College Football Rules In Focus: The Run-Pass Inconsistency

As you prepare for the new college football season, consider the ways in which college football’s rules reveal substantial inconsistencies between and among certain kinds of plays. We’re going to take a look at a few such inconsistencies this week, beginning with the noticeable split between the ways in which run-based possession and pass-based possession are treated in the end zone.

Our story begins with the photo above: In September of 2000, Florida’s Jabar Gaffney caught a Jesse Palmer pass for a split second before Tennessee defender Willie Miles raked the ball from his hands. The official on the near sideline ruled the play a catch, concluding — quite reasonably — that the moment Gaffney caught the ball, he had obtained possession in the end zone. With no need to run or otherwise move following the procurement of possession, Gaffney had completed the act of scoring a touchdown. The fact that he possessed the ball for less than a full second was secondary and ultimately irrelevant.

Ever since that moment, which is now 14 years ago, college football’s rulemakers have sought to apply more restrictions to the concept of legal pass possession in the end zone. Having one foot down with possession for a split second no longer cuts the cake. Receivers are expected to come down with two feet and complete the “process of a catch.”

Need evidence? Video has proved to be elusive, but twice on October 22, 2011, receivers caught passes in the end zone just as Jabar Gaffney did in 2000. However, due to the heightened standards for legal pass possession in the end zone, neither one was given a touchdown.

In a game between Navy and East Carolina, Navy receiver Matt Aiken had seemingly scored a go-ahead touchdown late in regulation, but the rulebook’s adjusted standards took it away from him, and ECU held on for a 38-35 victory. Earlier that same day, a Boise State receiver got one foot down in the end zone with the ball in his hands, but with the action of the play being allowed to continue past that point (call it the “Gaffney Threshold” if you’d like), Air Force defender Josh Hall swiped the ball away and claimed an interception that was given to him by the officials.

In the 2000 Florida-Tennessee game, the catching of a pass in the end zone meant an instantaneous ruling of a touchdown. In 2011 and subsequent years, officials wait to see if a pass is held for more than a split second. Right or wrong, pass catchers are held to a high standard for legal possession in the end zone.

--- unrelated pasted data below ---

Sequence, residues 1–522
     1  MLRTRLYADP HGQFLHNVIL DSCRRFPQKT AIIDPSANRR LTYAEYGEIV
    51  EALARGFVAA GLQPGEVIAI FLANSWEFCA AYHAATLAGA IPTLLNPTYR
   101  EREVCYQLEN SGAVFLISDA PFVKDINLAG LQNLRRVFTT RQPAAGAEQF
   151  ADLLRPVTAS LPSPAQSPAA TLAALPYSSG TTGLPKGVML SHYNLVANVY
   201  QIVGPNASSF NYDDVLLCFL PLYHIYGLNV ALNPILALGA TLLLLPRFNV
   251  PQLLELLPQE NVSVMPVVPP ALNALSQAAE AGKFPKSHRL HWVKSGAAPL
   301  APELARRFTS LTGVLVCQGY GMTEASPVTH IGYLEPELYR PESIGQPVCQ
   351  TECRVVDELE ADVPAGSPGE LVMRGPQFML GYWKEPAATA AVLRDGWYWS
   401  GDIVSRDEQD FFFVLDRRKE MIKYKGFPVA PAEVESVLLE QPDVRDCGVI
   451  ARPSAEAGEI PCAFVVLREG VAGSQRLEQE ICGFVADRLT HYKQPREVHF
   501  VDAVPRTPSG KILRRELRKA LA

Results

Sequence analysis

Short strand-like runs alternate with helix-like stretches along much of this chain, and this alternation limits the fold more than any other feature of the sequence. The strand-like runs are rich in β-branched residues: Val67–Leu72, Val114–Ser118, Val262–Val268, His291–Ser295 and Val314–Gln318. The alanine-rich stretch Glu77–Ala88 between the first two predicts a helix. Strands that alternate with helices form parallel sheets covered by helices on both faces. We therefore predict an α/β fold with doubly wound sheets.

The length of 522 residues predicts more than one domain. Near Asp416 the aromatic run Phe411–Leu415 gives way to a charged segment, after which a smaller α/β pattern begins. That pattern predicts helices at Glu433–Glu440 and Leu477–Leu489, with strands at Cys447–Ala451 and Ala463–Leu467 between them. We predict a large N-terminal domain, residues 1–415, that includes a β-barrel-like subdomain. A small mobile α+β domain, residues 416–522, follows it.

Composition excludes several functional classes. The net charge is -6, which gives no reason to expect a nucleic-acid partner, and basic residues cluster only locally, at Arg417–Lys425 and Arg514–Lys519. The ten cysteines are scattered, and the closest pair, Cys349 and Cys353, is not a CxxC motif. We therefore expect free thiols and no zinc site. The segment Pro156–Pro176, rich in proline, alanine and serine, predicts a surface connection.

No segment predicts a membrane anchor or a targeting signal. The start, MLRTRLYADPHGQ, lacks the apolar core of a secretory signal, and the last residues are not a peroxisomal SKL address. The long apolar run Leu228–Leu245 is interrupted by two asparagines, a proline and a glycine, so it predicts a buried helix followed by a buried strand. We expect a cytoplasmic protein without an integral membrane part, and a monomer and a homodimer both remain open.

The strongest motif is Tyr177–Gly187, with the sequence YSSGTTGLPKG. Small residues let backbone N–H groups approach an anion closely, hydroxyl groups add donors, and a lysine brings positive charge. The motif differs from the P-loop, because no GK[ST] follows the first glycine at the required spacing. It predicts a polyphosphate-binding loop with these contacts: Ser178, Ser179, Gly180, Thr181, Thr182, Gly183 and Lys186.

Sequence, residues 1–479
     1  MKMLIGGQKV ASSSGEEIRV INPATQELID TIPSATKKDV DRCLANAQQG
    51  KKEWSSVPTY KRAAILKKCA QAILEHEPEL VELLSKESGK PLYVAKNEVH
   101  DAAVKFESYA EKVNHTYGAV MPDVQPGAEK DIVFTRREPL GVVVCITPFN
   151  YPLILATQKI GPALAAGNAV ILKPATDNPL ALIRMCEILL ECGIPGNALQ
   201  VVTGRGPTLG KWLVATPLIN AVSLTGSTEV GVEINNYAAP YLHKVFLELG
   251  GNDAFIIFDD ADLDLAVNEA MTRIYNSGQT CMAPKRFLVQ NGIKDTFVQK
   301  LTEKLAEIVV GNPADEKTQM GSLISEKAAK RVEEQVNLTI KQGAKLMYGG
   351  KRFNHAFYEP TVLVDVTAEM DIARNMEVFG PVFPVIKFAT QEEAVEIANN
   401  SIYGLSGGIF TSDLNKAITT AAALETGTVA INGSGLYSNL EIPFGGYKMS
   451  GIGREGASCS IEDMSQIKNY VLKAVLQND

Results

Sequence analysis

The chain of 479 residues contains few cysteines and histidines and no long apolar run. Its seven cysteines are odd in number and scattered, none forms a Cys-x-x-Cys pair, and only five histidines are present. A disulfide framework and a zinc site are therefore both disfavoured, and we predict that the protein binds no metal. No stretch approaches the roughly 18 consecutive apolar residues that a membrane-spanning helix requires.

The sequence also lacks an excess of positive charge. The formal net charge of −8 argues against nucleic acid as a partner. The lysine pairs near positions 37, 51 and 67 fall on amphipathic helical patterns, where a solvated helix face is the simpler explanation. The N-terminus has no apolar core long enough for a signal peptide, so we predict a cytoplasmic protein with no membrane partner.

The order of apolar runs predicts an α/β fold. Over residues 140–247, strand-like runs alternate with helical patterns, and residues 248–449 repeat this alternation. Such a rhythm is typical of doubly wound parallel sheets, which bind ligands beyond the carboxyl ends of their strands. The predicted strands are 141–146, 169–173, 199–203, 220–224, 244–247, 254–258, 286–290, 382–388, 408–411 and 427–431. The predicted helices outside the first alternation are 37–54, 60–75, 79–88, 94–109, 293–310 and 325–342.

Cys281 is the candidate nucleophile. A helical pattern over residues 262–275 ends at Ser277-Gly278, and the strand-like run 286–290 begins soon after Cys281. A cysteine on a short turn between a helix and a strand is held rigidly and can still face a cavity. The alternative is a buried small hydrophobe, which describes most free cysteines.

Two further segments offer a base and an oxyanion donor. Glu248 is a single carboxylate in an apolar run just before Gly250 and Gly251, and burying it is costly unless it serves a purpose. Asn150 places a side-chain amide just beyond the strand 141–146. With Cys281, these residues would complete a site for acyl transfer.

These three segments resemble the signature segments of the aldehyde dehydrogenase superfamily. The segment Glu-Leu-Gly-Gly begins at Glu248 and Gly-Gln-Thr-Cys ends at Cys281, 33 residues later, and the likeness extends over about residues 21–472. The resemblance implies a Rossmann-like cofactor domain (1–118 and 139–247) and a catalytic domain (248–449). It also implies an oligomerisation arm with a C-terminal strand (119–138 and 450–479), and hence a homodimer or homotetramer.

The same is not true for running plays, and a key play from a 2013 regular-season game illustrated this point to perfection.


Watch Oklahoma’s game-changing fake field goal in last year’s Bedlam Series contest against Oklahoma State, which denied the Cowboys the Big 12 title and a spot in the Fiesta Bowl, all while sending the Sooners to the Sugar Bowl against Alabama:

Notice how Oklahoma kicker Michael Hunnicutt catches the ball at the 2 and then runs into the end zone. This play was properly ruled a touchdown, but the fact that it was a correct call only amplifies the extent to which rushing touchdowns and passing touchdowns are held to different (inconsistent) standards. As soon as Hunnicutt brought the ball to the plane of the goal line, he had scored. For a runner and not a pass catcher, this unwritten but quite real principle of “instantaneous end-zone possession” results in a touchdown.

Go back and watch the video one more time, asking yourself this question in light of the fact that the ball was knocked from Hunnicutt with a jarring hit right after he broke the plane of the goal line as a runner: “If Hunnicutt had caught the pass in the end zone and not at the 2, and had lost the ball a split second after initially clasping the ball with both hands, would the play have been a touchdown?”

Based on the rulings from the Navy-ECU and Boise State-Air Force games on October 22, 2011, not to mention subsequent situations in more recent years, the answer most likely would be “no.”

Some fans might like this. Other fans might not. Yet, the point is rather clear: The college football rulebook, accompanied by points of (applied) emphasis as they pertain to officiating mechanics, holds inconsistent views toward legal run-based possession and legal pass-based possession in the end zone. There are few greater conceptual inconsistencies in the sport’s rule structure than this one. Be prepared to notice this dynamic at work in the coming season.

About Matt Zemek

Editor, @TrojansWire | CFB writer since 2001 |